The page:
In the fifth chapter, Coxeter groups are first encountered. A cursory overview of Coxeter group theory is given in Section 5.1.1, and Section 5.1.2 gives some additional results about those specific Coxeter groups that prove the most useful in this work. In section 5.1.3, we see developed the first explicit link between our polytopes and the Coxeter groups, and gain a taste of the power of group theoretic methods. Section 5.2 turns away, once again, from the general study of combinatorially regular Euler polytopes, and spends its pages analysing two further examples of polytopes. These are the `universal' polytope constructed from a Coxeter group, and the `quotient' polytope, constructed also from a subgroup of the Coxeter group. In particular, this section examines quotients constructed from certain particular subgroups called `sparse' subgroups. These quotients turn out to have certain nice properties, in particular that their `facets' and `vertex figures\footnot{We should note here that by their definition, the facets and vertex figures of a d-polytope are (d-1)-polytopes}' are universal (see Corollary 5.2.24). This property also enables us to calculate certain numerical results about these quotients (such as to determine exactly when they are Euler).

Section 5.3 is perhaps the key that unlocks the whole classification. Here it is shown that any incidence polytope is a quotient, and more particularly, there is a theorem (paraphrased below) about quotients by sparse subgroups.

Theorem 5.3.4: (Paraphrased) A partially ordered set is a combinatorially regular incidence polytope with universal facets and vertex figures if and only if it is a quotient by a sparse subgroup.

Why should this be the key, one might ask, when it only concerns those very special polytopes whose facets and vertex figures are universal? The answer lies in Chapter 6.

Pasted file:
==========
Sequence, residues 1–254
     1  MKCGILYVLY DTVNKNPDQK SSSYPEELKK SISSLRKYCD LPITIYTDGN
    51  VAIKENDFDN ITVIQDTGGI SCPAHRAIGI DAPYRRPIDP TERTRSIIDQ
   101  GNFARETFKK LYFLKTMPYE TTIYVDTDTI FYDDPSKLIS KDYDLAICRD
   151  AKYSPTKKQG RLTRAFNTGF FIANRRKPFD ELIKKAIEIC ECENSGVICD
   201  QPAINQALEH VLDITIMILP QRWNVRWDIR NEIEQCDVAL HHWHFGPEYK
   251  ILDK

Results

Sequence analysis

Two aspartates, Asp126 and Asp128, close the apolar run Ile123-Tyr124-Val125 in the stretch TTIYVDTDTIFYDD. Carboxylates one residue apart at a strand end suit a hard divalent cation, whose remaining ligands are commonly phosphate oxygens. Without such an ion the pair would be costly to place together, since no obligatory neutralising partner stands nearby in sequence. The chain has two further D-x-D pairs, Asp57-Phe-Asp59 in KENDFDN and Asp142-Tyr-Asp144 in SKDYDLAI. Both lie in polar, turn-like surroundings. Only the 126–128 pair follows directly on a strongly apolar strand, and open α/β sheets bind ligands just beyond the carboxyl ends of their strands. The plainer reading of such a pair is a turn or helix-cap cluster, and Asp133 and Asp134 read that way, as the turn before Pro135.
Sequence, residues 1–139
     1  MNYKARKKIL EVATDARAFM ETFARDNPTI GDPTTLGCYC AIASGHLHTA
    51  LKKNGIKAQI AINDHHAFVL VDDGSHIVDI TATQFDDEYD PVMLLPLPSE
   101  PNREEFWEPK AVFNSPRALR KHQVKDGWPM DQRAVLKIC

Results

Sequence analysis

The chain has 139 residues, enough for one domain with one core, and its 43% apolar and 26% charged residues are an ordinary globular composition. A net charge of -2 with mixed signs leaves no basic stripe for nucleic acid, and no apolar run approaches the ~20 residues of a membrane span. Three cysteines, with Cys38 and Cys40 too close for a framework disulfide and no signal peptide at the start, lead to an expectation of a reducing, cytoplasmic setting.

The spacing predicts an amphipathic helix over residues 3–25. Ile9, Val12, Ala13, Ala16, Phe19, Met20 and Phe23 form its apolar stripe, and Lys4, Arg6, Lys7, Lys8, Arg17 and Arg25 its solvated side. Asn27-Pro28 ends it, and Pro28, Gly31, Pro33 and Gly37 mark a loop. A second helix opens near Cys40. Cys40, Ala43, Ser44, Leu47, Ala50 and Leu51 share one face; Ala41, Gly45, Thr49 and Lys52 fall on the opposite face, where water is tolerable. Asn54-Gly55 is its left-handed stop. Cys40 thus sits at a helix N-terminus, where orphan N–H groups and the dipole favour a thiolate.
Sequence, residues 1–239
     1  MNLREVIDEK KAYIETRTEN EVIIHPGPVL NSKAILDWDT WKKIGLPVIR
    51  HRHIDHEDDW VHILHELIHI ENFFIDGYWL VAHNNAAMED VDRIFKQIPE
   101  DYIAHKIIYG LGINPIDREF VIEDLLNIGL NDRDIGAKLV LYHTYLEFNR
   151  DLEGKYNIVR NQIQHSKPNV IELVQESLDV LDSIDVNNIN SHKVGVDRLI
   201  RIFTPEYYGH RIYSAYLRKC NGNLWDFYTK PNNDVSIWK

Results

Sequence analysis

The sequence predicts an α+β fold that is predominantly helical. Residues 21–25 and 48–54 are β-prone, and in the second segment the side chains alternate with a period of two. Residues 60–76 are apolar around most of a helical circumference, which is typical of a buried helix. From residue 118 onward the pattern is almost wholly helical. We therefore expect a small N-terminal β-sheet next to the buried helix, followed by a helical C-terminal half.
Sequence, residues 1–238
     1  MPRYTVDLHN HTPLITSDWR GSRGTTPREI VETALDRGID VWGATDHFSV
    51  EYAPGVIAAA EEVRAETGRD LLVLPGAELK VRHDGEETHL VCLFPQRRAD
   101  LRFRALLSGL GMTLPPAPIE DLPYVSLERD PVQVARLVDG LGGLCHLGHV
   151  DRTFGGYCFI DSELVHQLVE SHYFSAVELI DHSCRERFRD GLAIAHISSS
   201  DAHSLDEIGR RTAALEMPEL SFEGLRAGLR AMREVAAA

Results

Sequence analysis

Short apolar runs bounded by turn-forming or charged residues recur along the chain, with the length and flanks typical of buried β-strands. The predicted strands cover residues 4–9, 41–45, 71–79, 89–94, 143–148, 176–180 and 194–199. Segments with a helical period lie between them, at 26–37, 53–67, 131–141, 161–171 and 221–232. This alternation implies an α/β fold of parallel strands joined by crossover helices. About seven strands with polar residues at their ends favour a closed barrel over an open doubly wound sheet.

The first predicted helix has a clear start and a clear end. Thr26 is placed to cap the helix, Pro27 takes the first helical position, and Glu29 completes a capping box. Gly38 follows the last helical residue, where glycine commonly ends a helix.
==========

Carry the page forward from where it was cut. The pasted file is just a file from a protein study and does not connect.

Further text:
The foundation has been laid. The `Classifications' chapter builds on this foundation in a systematic manner. Sections 6.1 and 6.2 analyse in depth certain Schlafli symbols, classifying\footnot{Or almost. In actual fact, the case analysed in section 6.2 proves somewhat difficult to cover explicitly in full detail.} for all d the combinatorially regular Euler d-polytopes with those Schlafli symbols. It is shown in all cases considered, that the polytopes are of the form of the above theorem.

In Section 6.3.1, the reader is reminded that the 1- and 2-polytopes were classified in Section 3.3.1. Noting then that all 2-polytopes are universal, it is realised that all combinatorially regular 3-polytopes are covered by the theorem. An analysis of the Eulerian condition reveals then that all the indecomposable combinatorially regular Euler 3-incidence polytopes are in fact universal. It follows that the theorem also covers the combinatorially regular Euler 4-polytopes, but this time, it turns out that not all are universal.

Even so, we can use the new-found knowledge of the 4-polytopes to gain a solid grip on the 5 dimensional case, since the facets and vertex figures of a 5-polytope must be 4-polytopes. In fact, it is shown in Section 6.3.4 that if an indecomposable combinatorially regular 5-polytope has either facets or vertex figures that are not universal, then it fails to be Euler, and further, there are only a few possibilities for the Schlafli symbol of such a polytope. An inductive argument using some of the results of Section 3.4 reveals exactly what Schlafli symbols a d-polytope with d>4 can have, and they turn out to be exactly the Schlafli symbols that were covered in Sections 6.1 and 6.2. This completes the classification. Chapter 7 sums up the results of the thesis, drawing attention once again to its more interesting features, and pointing out some possible directions for future research...